smooth, toothbrush, prickly, lavender, desert, rosemary, royal
Grey mulga
Gum: SA cup, Diels, red-capped, Lindsay, fuschia, rose,
weeping, pear-fruited
Gungurru
Hakea: oval-leaved, pincushion, Muellers, grass-leaved,
yellow, Christmas, beaked, willow, furrowed, furze,
wavy-leaved, bottle brush
Hawthorn: Lavalle, May tree, Chinese, pink india
Hibiscus
Hillock bush
Himalayan cotoneaster
Hoary blue bush
Honeysuckle
Hopbush: narrow-leaved, sticky (Ake Ake)
Jacaranda
Judas tree
Kangaroo thorn
Karo
Large-leaf bush pea
Avoid planting these varieties within 2 metres of pipes
Problem plant varieties to avoid within 2 metres of pipes
Please note that this list is intended as a helpful guide but does not claim to be comprehensive. If any plant on your property
interferes with our water or sewer main we have the legal right to remove it under the Water Act 1989.
Laurustinus
Lilac chaste tree
Lily pilly: blue lily pilly
Limestone fuchsia
Mallee: square-fruited, Southern Cross, SA coastal,
tail sand, slender-leaved, curly, course-leaved, kruses,
round-leaved, bell-fruited, Ooldea, Kingscote, red (morel),
four-winged, Websters
Mirror bush
Murchison claw ower
Myrtle: juniper, snow, fringe, lemon-scented, mauve
crepe, pink crepe, mallee honey, cross-leaved honey,
upright cross-leaved honey, granite honey, scarlet honey,
slender honey, yellow-owered grey honey, western honey,
limestone honey, graceful honey, rough honey, Steedmans
honey, thyme honey, broombush honey, Wilsons honey
Native apricot (weeping pittosporum)
Needle bush
Net bush: rough-leaved, crimson, wooly
New Zealand Kohuhu
Ngaio
Nitre bush
Oleander
Orange browallia (marmalade bush)
Orchid tree (bauhinia)
Pineapple guava
Pink rice ower (dark and light pink)
Pink velvet bush
Queensland poplar (bleeding heart tree)
Red parrot pea
Red templetonia (cockies tongues)
Robin redbreast bush
Rock rose: laurel-leaved rock rose
Rose of the west (mottlecah)
Rosemary
Saltbush: coast, old man, silver, berry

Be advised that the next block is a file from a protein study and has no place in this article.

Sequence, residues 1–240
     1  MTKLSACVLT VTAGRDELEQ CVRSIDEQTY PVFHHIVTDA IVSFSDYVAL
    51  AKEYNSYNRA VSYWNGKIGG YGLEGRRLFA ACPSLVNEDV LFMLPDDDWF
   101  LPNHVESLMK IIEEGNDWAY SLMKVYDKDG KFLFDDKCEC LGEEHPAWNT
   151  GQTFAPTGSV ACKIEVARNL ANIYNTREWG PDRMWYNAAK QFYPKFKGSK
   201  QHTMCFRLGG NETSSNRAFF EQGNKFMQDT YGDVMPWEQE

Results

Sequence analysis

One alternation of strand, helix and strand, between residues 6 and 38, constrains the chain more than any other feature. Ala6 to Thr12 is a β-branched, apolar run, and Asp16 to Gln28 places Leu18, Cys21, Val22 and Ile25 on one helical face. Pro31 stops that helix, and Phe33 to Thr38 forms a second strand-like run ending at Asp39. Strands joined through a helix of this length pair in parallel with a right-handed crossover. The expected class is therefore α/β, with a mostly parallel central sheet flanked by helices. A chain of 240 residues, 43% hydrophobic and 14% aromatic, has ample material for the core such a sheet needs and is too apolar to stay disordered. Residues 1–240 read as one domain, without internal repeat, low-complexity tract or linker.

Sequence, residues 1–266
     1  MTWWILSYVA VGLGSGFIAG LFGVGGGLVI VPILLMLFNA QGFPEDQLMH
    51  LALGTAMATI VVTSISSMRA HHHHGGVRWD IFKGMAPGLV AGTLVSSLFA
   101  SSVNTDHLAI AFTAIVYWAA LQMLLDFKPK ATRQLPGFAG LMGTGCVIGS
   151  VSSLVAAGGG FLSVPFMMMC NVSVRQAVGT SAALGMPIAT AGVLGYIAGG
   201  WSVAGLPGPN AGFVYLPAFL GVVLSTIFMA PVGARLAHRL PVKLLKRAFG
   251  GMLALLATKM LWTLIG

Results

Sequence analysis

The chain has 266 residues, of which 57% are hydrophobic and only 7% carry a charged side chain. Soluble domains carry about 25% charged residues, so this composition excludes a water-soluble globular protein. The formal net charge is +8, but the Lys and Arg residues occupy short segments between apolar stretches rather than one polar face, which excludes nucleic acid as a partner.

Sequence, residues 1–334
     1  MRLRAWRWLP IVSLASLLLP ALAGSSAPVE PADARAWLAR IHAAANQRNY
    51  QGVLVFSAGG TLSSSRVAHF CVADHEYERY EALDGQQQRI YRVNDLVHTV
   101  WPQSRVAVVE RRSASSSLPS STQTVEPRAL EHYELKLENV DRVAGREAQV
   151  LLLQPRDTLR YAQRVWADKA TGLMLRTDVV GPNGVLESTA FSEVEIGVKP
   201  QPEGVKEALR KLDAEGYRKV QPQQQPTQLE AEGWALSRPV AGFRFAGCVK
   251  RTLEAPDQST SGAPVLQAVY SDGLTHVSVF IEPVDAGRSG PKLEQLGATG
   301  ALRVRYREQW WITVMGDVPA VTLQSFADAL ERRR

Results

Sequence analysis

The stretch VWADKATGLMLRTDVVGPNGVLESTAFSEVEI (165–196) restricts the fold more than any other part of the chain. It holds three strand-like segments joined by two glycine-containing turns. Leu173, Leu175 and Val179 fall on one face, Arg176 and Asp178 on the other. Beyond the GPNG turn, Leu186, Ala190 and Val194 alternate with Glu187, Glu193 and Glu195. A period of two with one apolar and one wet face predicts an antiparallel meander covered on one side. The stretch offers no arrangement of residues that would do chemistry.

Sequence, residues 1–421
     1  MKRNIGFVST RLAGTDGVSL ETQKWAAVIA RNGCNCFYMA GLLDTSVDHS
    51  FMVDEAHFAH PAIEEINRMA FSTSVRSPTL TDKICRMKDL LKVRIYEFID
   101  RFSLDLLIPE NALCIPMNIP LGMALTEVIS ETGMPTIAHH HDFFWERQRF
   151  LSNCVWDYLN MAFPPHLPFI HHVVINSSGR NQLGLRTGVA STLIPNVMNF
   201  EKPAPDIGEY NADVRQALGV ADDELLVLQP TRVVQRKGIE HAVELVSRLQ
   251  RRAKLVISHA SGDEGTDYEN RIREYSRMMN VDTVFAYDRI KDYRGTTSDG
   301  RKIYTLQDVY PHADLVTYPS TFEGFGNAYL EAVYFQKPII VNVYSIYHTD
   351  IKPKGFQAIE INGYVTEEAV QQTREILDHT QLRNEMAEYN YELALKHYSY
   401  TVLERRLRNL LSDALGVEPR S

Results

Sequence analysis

Scarlet kunzea
September bush
Showy: dryandra, groundsel
Silver marlock (tallerack)
Silver tree
Sky ower (duranta)
Slaty sheoak
Slender myoporum (weeping boobialla)
Slender velvet bush
Spanish broom
Spirea
Sturts desert rose
Swamp mallet
Swan River pea bush
Tea tree: green, tantoon, Victoria coastal, silky,
round-leaved, New Zealand
Teddy bear bush
Thorn: Washington, Mexican
Tree aloe
Turkey bush
Veronica
Violet mist ower
Wattle: gold dust, sandhill, boxleaf, wallowa, thorn,
knife-leaved, WA coastal, drummond, gossamer, gland,
hairy pod, at, hakea, sticky, Flinders Range, umbrella
brush, sallow, Menzels, notable, Queensland silver, golden,
nealie, needle bush, silver, round-leaved, hard-leaf,
SA coastal, Mudgee, spiny, hindmarsh, varnish, hairy,
elegant or bramble, dwarf nealie
Western myall
White cloud tree
Wilga
Winged yellow-trumpet
Yellow kangaroo paw
Yellow kowhai
Avoid planting these varieties within 2 metres of pipes
Alder: Italian, English, black, evergreen
American hackberry
Ash: golden, manna, velvet or Arizona, mountain, Rowan
Bangalow palm
Banksia: Ashbys, birds nest, burdetts, silver, rewood,
water, orange, acorn, saw, showy
Barberry
Blackbutt: Clelands, Dundas, Kondinin, Le Souefs
Blackwood
Boobialla
Bottlebrush: scarlet
Box: long-leaved, river, mallee, silver, brush, elder,
broad-leaved
Brush cherry